On Monday, September 24, the Atlantic Marine Conservation Society (AMCS), the lead large whale response organization in New York State, was alerted that a deceased minke whale had been found on Indian Wells Beach in East Hampton.
When AMCS arrived onsite early Tuesday morning, the animal was caught in the surf, so the organization, along with the East Hampton Marine Patrol and the Highway Department, had to wait for heavy machinery to be brought in to secure the whale out of the tide and position it for a necropsy.
The necropsy took place Tuesday afternoon and determined that the minke whale was 18.7 feet in length. Since the animal was relatively decomposed and missing multiple internal organs, including the reproductive organs, AMCS was unable to determine the animal’s gender.
“Stranding investigations on all marine mammals and sea turtles are an important part of our conservation work as it provides valuable insight into the health of various species and what threats they face in our waters,” said AMCS necropsy program director Kimberly Durham. “Though a definitive cause of death could not be determined during the necropsy our team conducted for this animal today, samples were taken and sent to a pathologist.”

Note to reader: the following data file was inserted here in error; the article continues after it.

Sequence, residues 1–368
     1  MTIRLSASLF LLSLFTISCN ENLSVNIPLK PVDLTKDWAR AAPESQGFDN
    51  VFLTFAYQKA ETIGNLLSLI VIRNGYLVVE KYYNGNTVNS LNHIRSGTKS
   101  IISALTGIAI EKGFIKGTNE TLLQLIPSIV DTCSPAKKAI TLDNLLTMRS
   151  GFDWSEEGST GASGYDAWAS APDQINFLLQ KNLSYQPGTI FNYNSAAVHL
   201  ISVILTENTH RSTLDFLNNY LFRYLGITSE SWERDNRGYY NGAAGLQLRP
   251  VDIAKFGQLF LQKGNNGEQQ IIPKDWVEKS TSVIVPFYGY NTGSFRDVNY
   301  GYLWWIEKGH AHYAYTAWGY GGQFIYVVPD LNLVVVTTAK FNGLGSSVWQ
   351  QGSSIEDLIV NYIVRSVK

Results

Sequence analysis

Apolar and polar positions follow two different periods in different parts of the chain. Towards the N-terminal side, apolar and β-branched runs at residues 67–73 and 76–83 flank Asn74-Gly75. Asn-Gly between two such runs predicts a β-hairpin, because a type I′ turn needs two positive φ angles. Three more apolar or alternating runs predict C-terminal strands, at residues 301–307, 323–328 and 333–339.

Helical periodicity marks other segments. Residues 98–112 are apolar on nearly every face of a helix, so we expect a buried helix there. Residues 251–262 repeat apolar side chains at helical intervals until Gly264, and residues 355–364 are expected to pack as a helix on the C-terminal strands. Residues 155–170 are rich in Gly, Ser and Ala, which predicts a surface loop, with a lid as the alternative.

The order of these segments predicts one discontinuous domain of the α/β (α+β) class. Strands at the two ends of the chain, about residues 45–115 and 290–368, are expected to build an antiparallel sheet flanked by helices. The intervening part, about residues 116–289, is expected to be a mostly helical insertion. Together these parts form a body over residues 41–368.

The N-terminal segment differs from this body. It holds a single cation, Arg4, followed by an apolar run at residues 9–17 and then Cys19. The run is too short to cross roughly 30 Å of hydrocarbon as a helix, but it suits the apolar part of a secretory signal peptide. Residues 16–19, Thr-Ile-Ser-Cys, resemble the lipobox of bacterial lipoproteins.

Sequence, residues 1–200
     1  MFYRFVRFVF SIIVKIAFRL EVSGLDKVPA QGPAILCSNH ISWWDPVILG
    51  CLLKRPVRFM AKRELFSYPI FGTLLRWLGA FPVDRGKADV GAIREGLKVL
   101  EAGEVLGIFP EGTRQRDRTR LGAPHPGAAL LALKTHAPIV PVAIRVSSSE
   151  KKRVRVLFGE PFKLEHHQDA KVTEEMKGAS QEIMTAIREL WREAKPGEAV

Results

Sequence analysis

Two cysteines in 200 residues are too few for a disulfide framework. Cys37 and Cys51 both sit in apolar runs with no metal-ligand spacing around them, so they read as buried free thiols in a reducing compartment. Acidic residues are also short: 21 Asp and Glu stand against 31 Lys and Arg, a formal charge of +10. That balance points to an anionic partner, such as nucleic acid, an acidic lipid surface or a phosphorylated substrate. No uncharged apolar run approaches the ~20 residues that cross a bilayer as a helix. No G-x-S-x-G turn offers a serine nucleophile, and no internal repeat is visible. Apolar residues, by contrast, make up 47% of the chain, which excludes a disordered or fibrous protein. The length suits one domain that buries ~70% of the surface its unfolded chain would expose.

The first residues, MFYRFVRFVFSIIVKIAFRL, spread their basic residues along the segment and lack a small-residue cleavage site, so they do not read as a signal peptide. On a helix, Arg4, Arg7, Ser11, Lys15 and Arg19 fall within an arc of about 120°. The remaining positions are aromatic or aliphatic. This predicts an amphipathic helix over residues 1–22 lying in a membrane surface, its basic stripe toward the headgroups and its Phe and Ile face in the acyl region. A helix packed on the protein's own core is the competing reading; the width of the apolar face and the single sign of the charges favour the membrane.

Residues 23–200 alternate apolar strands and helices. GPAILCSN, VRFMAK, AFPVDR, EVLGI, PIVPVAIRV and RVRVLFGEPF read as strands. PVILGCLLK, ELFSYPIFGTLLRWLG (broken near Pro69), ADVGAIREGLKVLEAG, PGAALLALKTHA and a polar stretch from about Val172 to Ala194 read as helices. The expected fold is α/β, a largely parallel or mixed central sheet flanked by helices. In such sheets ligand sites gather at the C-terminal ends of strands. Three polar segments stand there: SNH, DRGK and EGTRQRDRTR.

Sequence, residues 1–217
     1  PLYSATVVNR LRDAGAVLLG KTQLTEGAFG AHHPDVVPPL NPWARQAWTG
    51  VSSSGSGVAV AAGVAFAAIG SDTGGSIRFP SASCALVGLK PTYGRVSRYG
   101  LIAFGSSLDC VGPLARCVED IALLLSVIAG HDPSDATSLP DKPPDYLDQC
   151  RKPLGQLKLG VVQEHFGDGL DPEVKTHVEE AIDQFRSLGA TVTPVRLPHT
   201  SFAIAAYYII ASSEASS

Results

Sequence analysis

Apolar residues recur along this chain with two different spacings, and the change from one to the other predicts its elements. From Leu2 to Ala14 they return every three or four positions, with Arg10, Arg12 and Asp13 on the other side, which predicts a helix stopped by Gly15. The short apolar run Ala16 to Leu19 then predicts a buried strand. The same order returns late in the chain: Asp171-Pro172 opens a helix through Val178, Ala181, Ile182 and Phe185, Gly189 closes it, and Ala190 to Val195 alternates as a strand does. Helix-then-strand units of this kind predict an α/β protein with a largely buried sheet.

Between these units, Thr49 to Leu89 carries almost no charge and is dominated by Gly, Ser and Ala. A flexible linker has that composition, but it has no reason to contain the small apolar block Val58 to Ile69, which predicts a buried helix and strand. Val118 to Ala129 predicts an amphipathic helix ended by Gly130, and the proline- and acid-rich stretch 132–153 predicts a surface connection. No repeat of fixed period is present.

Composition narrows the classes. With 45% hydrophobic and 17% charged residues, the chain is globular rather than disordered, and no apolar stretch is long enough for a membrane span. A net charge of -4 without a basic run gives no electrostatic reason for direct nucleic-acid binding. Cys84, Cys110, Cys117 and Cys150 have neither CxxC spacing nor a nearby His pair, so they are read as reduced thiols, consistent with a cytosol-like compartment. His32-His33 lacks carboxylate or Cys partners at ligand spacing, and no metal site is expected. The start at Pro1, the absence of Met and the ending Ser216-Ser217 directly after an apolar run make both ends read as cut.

To honor the deceased aquatic mammal, Shane Weeks of the Shinnecock Nation performed a traditional ceremony for the whale, which is called “podtap” in Shinnecock. Weeks has led the sacred ritual at nearly every whale beaching on Long Island over the past several years.
“These events hold great cultural value to my people. The whales were also one of the staple foods for the indigenous people in the New England area historically,” Weeks shared. “Our whaling canoes could hold almost 100 people. This connection is still acknowledged to this day.”
If you happen to come across a live or deceased marine mammal or sea turtle strandings while on the beach, AMCS advises you contact the NYS Stranding Hotline at 631-369-9829 or email [email protected] to report it.
“We will continue to share initial findings from stranding investigations with the public to raise awareness of these species, and will work with our partners to enhance our response efforts in the future,” added Durham.
For more information about Atlantic Marine Conservation Society, visit www.amseas.org.